"Beacon is a department of the UUA, but we have held it apart as a profit center. If we could turn back and look fresh and anew, would we found a Press? We might buy more web space, do new starts [new congregations], do other things. But the question is silly and unhelpful for two reasons: we probably couldn't imagine a Press as wonderful and with the standing in the marketplace that Beacon has. And we have not been given $200K. So now we are in a position where we need to take a look at what it is worth to us. We could raise money in the capital campaign, but few UUs chose to devote their money in this direction. I have struggled with this for seven years, and now we [the UUA Board] have launched a three-year experiment. We will need to have answers. I look forward to hearing from you."
Moderator Ned Wight announced that there remained seven minutes for questions from the floor. Carol Gray of Springfield, MA said, "$200-300K is a small price for these books—it's hundreds of thousands of conversations that we can have because of these books... We need to stop thinking of this as a profit-making entity. We are unique in our values and ideas…we cannot let this be seen as a financial enterprise."
Tom Kimble, Hartford, CT talked about advances paid to authors. Helene Atwan responded to the question, saying, "We do pay lower advances, but we are looking for books that might not be published by other presses."
A question was asked about Beacon's loss of $200K and what that represented in the UUA budget. President Sinkford responded, saying that $200K amounted to about 1% of the total operating budget for the Association. That $200K gets us a lot, he said: the Ministerial Settlement Office costs about 200K a year. NPR advertising cost about $200K. "The choices we have to make—and yes, we will continue to do ministerial settlement—mean that we have to decide to invest in Beacon and not do something else."
Moderator Wight called the Beacon Press section of the plenary to a close, reminding delegates of a Friday afternoon workshop on this topic and an upcoming segment scheduled for the Sunday afternoon (June 23) plenary which will offer further opportunity for commentary on the subject.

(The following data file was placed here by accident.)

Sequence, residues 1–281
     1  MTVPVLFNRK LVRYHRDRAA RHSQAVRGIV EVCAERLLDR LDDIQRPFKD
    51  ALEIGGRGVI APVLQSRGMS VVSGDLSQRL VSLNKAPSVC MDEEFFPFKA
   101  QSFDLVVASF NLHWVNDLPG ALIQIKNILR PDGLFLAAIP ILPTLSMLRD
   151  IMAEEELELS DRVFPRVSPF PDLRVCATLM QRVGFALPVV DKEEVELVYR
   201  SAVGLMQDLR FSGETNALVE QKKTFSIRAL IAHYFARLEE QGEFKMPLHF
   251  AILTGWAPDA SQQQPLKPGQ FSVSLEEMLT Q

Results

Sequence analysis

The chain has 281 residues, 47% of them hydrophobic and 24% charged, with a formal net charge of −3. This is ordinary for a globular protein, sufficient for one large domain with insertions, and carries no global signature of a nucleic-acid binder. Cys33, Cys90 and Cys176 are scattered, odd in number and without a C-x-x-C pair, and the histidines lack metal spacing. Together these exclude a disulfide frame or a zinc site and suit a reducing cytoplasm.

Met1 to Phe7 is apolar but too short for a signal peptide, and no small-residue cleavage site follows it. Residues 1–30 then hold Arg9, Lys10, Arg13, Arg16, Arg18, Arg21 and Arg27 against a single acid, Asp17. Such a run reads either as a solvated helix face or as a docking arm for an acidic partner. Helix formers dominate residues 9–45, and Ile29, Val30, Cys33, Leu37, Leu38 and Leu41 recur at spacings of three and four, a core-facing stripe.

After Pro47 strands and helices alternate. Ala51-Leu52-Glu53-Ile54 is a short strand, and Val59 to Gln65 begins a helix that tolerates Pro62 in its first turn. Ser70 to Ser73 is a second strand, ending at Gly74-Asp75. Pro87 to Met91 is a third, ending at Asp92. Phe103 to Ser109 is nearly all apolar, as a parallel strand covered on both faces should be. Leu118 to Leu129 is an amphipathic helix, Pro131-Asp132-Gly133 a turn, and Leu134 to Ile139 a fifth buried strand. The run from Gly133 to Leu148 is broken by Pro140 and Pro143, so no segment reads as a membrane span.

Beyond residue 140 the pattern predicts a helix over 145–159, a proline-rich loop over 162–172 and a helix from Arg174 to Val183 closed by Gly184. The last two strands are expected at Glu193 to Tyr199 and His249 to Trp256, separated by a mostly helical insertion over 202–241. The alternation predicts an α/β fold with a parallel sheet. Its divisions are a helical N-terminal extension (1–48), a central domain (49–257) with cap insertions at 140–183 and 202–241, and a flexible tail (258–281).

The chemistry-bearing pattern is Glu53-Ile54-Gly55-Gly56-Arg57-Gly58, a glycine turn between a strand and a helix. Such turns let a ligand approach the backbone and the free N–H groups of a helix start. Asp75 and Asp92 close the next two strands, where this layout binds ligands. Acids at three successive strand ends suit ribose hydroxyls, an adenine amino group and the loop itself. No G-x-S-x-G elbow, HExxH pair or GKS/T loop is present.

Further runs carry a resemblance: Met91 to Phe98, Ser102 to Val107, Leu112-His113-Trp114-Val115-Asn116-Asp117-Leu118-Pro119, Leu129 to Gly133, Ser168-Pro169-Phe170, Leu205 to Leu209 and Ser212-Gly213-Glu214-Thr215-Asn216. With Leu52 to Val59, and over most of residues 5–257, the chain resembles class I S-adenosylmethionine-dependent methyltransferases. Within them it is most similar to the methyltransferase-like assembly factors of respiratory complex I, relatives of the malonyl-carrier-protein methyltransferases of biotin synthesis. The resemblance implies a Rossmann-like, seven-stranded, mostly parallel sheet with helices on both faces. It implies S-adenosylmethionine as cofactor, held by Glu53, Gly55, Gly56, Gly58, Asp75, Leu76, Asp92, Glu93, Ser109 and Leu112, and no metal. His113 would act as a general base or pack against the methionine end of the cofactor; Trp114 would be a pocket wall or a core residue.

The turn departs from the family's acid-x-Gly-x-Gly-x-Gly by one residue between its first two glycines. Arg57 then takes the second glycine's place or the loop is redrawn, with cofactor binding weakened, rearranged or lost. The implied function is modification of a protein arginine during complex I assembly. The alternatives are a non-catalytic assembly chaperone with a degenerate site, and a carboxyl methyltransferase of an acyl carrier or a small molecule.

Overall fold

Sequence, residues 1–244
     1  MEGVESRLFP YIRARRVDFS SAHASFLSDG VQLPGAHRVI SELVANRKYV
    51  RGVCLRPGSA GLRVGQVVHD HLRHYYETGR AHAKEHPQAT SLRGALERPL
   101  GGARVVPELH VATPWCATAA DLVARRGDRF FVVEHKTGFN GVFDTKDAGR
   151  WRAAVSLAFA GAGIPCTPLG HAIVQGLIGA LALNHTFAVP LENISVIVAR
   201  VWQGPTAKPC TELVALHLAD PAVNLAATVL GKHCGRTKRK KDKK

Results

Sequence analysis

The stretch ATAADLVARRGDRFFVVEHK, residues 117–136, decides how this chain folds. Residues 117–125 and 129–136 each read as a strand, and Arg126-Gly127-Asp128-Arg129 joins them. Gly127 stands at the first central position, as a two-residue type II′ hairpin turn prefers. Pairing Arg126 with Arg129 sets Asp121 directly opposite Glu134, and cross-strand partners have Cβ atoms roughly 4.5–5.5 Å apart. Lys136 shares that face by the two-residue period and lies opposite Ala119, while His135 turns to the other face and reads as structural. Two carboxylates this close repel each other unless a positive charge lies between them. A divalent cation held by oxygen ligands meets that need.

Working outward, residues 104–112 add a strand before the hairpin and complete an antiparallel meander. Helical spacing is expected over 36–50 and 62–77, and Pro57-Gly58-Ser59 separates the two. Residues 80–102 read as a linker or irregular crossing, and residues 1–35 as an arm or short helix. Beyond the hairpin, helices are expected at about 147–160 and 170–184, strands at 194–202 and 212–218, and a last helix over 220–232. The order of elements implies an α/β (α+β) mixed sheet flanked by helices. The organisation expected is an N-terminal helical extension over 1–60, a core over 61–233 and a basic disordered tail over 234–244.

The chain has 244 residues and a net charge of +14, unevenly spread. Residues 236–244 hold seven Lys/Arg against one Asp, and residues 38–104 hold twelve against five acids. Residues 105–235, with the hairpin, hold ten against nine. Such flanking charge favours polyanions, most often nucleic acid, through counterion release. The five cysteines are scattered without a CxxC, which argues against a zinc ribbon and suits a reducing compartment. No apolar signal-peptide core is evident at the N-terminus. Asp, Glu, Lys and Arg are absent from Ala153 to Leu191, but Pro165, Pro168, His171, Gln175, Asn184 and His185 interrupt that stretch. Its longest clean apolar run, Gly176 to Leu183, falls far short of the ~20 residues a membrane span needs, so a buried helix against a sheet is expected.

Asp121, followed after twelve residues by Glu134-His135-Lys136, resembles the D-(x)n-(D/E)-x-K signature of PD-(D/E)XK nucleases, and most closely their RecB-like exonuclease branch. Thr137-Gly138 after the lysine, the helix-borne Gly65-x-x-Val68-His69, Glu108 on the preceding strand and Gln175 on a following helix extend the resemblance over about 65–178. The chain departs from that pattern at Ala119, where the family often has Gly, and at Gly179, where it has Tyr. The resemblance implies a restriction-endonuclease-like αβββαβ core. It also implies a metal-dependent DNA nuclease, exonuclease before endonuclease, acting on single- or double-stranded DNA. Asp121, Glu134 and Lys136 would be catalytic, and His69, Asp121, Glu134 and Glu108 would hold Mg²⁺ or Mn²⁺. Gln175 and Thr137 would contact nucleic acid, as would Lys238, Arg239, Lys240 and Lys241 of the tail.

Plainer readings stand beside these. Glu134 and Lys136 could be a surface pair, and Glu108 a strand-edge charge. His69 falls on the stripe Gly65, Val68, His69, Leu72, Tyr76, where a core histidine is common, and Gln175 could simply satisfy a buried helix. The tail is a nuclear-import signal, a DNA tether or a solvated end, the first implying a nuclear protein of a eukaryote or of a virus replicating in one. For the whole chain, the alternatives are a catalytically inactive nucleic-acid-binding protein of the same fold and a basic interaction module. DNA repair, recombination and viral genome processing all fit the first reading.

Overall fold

Process observations were offered by Tamara Payne-Alex, and Rev. Richard Nugent, chair of the Commission on Social Witness, came forward to explain the social witness action process for debate and vote on study action items. Nugent introduced other members of the Commission: Rev. Jan Carlsson-Bull, Rev. Barbara Child, Robert Sarley, and Chris Trace, and Scott Keeler, staff.
Wayne Arnason, secretary of the Association, gave an initial credential report, stating that registered attendance is at 3807 people: 1695 delegates, representing 555 congregations, 48 states, 8 provinces, the District of Columbia, the Virgin Islands, Mexico, and France.
Moderator Olson then called on Rev. Ray Drennan, minister of the Unitarian Church of Montreal, for an announcement about Quebec legislative activities of interest to Unitarian Universalists. Drennan said, "Forty years ago, Quebec was in the middle of its own dark age. Churches were harassed, homosexuals were jailed, and all ideas were repressed. Quebec has undergone La Revolution Tranquille, the quiet revolution. During the last few months another gigantic leap forward has been taken. The Quebec government introduced a motion to legalize civil unions, and the government wanted to set up a new category that would be separate but equal to marriage.
"The minister of justice said he would like to be inclusive in the law, but thought Quebec society was not yet ready. Montreal Unitarians were asked to join voice with a core of people—gay and lesbian activist groups, to not only modify but revolutionize the way gay and lesbian people would be treated. I was asked to present a speech to the general assembly of Quebec. Our liberal religious voice was the only religious voice heard in favor of this motion. We argued that love was love, that caring relationships are formed in a variety of settings, that this was not a religious matter but a matter of social values. We argued that this should prevail. And the government and the minister of justice listened.
"I am pleased to report that on June 7, the final legislation was passed unanimously by the National Assembly of Quebec. This law was not a political compromise as some of us feared—it gives gay and lesbian couples the full rights of heterosexual marriage, in all ways, including adoption, equal rights to fertility clinics, etc. It is one of the most progressive legislations on the continent, and the law will come into effect in the next few days. We have reason to proud. Our UU voices contributed to this action. There will be a statement of conscience brought to this Assembly, so that we can congratulate the government and the people of Quebec on this amazing development."
Moderator Diane Olson then declared the plenary to be in recess until Saturday morning, June 23, at 8:30 a.m.
Reported by Deborah Weiner.